Gregg Farm Plantation House, Gregg Farm, St. Andrew, Barbados Pocket Guide


The architectural landscape of Barbados today is quite different from what was once the case in colonial years gone by. Along with plantation houses, the island was predominantly littered with chattel houses. These houses were built in the most convenient way as the main purpose of these structures was to allow plantation workers an ease of relocation from one plantation to another, should the need arise. As such, chattel houses in Barbados were built on rocks or blocks and in some instances appeared dangerously set in place due to a lack of solid foundation.


The architectural impact that subsequently surrounded the chattel house was quite significant. Heavy rains and high winds associated with the hurricane season were kept at bay as a result of the highly pitched corrugated roof. Strong midday heat was also kept at bay as a result of affixed shutters to the windows. Further character was added to the chattel house by way of jalousie windows, open verandahs and ornamental designs carved in the wood.


Traditionally, chattel houses were painted in rather dull colours such as brown, beige or white. These days, a wave of vibrancy has stepped in that has seen chattel houses across Barbados being painted in some of the most colourful selections found on any colour chart.


Historic Homes

An island filled with such history that dates back centuries ago is bound to have some aspect of that history still standing. Such history can be seen in the very historic homes that still grace the island. As you can imagine, a great number of age is associated with these homes as many of them were built in the 17th and 18th centuries. Many of them have been refurbished and brought back to as close to the original state as possible.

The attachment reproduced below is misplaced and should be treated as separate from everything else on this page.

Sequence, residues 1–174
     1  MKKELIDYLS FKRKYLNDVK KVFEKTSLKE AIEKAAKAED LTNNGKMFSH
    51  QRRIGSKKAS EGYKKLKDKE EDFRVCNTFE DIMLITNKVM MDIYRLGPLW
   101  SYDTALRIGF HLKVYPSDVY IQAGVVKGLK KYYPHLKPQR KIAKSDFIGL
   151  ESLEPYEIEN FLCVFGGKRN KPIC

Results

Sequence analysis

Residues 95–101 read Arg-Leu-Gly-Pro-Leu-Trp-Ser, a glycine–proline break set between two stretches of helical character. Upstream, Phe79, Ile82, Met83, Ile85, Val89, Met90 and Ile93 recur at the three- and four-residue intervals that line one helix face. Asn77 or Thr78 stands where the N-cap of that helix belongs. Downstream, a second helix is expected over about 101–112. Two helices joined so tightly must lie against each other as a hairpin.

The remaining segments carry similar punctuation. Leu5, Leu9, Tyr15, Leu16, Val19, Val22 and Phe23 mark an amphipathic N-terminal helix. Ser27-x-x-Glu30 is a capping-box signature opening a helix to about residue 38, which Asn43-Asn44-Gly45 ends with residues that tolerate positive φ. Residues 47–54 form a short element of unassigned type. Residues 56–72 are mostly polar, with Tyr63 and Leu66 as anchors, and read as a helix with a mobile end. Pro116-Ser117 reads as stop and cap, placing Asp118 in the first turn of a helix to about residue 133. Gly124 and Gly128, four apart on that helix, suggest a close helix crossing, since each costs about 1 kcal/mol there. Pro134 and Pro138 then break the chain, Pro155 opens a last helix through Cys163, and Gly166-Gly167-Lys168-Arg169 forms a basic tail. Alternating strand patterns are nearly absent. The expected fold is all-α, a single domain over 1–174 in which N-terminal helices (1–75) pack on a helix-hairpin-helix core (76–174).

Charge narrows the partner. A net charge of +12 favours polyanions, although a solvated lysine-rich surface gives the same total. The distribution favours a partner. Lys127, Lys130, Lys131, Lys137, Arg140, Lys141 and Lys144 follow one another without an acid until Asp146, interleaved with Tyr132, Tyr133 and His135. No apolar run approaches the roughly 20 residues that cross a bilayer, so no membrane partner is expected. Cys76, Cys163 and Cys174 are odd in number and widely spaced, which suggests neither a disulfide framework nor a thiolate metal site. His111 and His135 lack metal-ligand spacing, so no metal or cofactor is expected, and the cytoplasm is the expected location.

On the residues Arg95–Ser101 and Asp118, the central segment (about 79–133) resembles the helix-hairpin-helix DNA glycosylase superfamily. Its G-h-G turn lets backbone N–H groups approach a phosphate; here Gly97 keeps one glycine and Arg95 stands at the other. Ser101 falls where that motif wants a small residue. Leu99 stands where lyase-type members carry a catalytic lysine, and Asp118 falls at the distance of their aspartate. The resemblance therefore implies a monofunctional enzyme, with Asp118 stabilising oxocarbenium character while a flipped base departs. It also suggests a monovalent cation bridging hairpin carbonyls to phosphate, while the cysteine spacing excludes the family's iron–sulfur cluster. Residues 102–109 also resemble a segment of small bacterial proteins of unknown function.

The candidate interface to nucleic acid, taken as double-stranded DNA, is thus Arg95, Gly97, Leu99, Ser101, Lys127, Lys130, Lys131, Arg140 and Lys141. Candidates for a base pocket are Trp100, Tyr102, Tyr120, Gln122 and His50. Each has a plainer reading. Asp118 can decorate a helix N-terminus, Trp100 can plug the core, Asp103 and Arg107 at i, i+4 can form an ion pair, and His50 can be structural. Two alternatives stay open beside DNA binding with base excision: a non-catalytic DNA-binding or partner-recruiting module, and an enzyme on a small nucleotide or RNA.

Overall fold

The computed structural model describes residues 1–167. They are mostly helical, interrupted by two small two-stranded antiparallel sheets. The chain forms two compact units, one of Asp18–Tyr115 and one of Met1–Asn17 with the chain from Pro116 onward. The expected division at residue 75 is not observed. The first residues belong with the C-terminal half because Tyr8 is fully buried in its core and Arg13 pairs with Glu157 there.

The now historic homes that once belonged to plantation owners were built after the British arrived in Barbados in 1625. Many of these now historic homes were built with Jacobean and Georgian styles while the modest chattel houses  inhabited by slaves were built of wooden structures set on blocks which aided in easy movement from one plantation to another.


A great amount of thought went into the construction of these historic homes as they were all built with the awareness that the island of Barbados sits in a hurricane belt. As a result their walls were thick, their roofs highly pitched and designed in a four hip style to shift the raging winds and hoods and shutters attached to the windows to shield strong winds and rains throughout the passage of tropical storms.


Barbados National Trust Open House Programme

Visitors to the island of Barbados and locals are given an opportunity to view many of the historic homes on the island as the Barbados National Trust hosts its Open House Programme. This programme runs from January to April and showcases some of the most exquisite historic homes Barbados has to offer. The showcasing of these homes is not just about history but also about socialising on the grounds.


Further information on the Barbados National Trust Open House Programme can be sourced by contacting them at (246) 426-2421, (246) 436-9033, email address: .


For further information on the Barbados National Trust Open House Programme, click here.


Modern Homes

In recent years, the design of homes across Barbados have taken on a rather interesting architectural appearance as modern-day architects have felt the need to freely express themselves along with their client's needs at the time of design.


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